Charlemagne and Meritocracy

CharlemagneOn this day in 742 (or 747 or 748) Charlemagne was born. He was also called Charles the Great. Of course, his wife called him Chuck the Not as Great as You’d Imagine. I’m just saying.

He’s notable for more or less putting the old Roman Empire back together. Initially, he was King of Franks with his brother, Carloman. But they didn’t get along and were basically at war with each other. And then Carloman just up and died very conveniently of a nose bleed. “Nose bleed” is a common Germanic euphemism for fratricide. Given that Charlemagne is generally thought well of, most people don’t blame him for killing his brother. But come on!

What I think is interesting about Charlemagne is how entirely typical he is. If you look at “great” rulers like Alexander the Great and Genghis Khan, they all start out as royalty. I think we in the United States especially tend to think of such men as having clawed their way to the top. But that’s rarely the case. Instead, they are men born on home plate who take over other rich guy’s ball fields.

Conservatives, I’m afraid, are especially prone to this kind of thinking. That’s why everywhere you turn in conservative media these days, pundits can hardly contain their love of Putin. And if they were honest, they’d admit that they actually have a great deal of respect for Stalin and Hitler. I’m not saying they respect the genocides that both men led, but just that they love the idea of the “tough” leader. But it is mostly a myth. Anyway, Putin didn’t take power; he was given it.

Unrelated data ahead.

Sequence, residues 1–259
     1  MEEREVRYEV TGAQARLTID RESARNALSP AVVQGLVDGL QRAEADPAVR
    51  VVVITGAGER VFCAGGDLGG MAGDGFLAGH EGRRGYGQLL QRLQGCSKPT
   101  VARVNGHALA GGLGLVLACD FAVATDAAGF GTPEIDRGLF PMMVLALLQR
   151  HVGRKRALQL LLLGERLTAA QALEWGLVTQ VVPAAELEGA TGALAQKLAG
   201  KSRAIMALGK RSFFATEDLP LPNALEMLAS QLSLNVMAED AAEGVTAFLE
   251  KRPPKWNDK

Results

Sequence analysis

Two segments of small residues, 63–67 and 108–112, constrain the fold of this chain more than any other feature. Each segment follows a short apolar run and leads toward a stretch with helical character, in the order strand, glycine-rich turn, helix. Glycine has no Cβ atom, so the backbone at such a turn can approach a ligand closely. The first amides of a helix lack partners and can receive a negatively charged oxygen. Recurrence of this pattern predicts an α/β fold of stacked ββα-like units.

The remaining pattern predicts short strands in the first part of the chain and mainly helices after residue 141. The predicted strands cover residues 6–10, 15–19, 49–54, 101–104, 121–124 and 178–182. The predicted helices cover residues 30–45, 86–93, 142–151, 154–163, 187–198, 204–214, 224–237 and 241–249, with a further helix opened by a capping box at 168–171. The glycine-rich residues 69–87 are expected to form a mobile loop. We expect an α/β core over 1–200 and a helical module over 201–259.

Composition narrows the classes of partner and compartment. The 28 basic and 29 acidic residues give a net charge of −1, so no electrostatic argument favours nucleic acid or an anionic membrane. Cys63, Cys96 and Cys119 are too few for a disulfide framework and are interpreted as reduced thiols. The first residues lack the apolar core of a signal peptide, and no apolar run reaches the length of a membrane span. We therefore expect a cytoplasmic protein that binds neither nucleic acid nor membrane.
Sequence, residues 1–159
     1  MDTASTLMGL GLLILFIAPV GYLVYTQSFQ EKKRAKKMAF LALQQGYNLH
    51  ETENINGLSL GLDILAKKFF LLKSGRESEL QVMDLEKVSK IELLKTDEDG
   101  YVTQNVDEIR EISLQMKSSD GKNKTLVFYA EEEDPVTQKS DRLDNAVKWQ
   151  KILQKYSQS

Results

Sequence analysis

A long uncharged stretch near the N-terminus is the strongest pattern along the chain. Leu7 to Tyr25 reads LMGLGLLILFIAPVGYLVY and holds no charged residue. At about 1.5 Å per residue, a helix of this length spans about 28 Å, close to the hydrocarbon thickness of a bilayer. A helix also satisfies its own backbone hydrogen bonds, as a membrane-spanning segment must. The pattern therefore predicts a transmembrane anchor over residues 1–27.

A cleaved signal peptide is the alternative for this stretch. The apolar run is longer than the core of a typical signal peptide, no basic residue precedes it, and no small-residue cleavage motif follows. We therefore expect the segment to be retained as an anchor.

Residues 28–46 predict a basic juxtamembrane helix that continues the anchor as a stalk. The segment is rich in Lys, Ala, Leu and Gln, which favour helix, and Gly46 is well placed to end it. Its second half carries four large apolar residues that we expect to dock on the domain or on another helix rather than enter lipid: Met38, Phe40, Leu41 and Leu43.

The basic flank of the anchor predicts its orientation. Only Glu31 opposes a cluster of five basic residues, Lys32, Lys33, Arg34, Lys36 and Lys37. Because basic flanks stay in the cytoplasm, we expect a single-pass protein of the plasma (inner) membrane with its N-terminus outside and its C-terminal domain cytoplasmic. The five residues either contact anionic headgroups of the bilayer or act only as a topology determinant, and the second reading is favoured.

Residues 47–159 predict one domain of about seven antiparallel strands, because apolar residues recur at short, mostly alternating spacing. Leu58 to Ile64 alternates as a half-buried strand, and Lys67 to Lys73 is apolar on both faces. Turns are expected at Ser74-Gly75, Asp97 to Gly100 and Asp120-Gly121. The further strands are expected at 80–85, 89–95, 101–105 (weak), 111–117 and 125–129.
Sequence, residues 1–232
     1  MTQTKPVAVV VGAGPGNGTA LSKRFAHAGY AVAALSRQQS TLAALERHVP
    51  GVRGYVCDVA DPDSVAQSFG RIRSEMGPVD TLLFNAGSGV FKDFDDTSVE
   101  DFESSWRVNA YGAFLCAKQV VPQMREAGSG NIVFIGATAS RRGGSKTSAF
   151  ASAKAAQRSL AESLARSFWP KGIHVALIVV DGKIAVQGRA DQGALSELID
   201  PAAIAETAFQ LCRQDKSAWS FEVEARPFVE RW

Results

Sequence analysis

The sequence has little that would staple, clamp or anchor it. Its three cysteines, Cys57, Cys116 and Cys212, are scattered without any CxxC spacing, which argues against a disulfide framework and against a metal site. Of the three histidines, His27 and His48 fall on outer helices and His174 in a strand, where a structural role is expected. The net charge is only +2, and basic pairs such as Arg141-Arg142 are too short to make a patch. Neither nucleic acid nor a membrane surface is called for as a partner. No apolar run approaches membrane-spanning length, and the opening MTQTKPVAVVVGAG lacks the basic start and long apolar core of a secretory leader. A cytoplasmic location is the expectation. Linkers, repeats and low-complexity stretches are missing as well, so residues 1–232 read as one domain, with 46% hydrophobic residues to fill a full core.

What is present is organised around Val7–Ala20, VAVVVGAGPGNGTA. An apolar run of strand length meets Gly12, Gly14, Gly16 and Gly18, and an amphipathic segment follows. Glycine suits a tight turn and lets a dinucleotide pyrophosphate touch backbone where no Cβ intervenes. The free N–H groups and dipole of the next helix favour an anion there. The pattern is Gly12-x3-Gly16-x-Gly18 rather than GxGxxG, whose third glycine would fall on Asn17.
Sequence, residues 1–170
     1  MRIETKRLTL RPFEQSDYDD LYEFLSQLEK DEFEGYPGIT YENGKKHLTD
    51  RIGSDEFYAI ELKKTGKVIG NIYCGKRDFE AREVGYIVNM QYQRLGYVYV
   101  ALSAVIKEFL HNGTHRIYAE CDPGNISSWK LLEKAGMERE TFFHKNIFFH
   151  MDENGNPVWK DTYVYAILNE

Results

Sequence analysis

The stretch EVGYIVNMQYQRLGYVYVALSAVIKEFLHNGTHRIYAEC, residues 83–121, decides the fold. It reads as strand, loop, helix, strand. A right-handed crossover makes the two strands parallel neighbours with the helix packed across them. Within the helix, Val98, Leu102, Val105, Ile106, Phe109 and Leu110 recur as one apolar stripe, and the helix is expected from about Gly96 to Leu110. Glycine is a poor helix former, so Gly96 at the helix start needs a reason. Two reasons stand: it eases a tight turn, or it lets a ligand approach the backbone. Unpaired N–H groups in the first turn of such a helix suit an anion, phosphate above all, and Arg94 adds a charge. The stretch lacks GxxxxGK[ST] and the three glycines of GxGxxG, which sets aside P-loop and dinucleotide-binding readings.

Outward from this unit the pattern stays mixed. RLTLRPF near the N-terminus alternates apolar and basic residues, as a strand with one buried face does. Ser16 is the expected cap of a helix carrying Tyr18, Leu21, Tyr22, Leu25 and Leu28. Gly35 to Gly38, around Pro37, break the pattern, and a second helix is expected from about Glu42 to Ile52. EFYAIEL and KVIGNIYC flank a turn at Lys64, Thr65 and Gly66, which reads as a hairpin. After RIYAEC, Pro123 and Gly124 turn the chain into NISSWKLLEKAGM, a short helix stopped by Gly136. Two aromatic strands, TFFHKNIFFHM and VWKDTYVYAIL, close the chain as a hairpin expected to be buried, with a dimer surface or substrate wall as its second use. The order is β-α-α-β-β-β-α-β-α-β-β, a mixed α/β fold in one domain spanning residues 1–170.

Now I can’t say whether conservatives would like Charlemagne. True, he was an authoritarian. But he was also a capable administrator. Being competent is so girly. Plus, Charlemagne clearly thought that government had a purpose more than simply the enrichment of your already rich friends. In fact, by the standards of his time, he was a liberal. So I think on balance, conservatives would be against him. They’d be out with their signs, “Government Hands Off the Emperor’s Coronation!” Anyway, this song has nothing to do with him:

Happy birthday Charlemagne!

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About Frank Moraes

Frank Moraes is a freelance writer and editor online and in print. He is educated as a scientist with a PhD in Atmospheric Physics. He has worked in climate science, remote sensing, throughout the computer industry, and as a college physics instructor. Find out more at About Frank Moraes.

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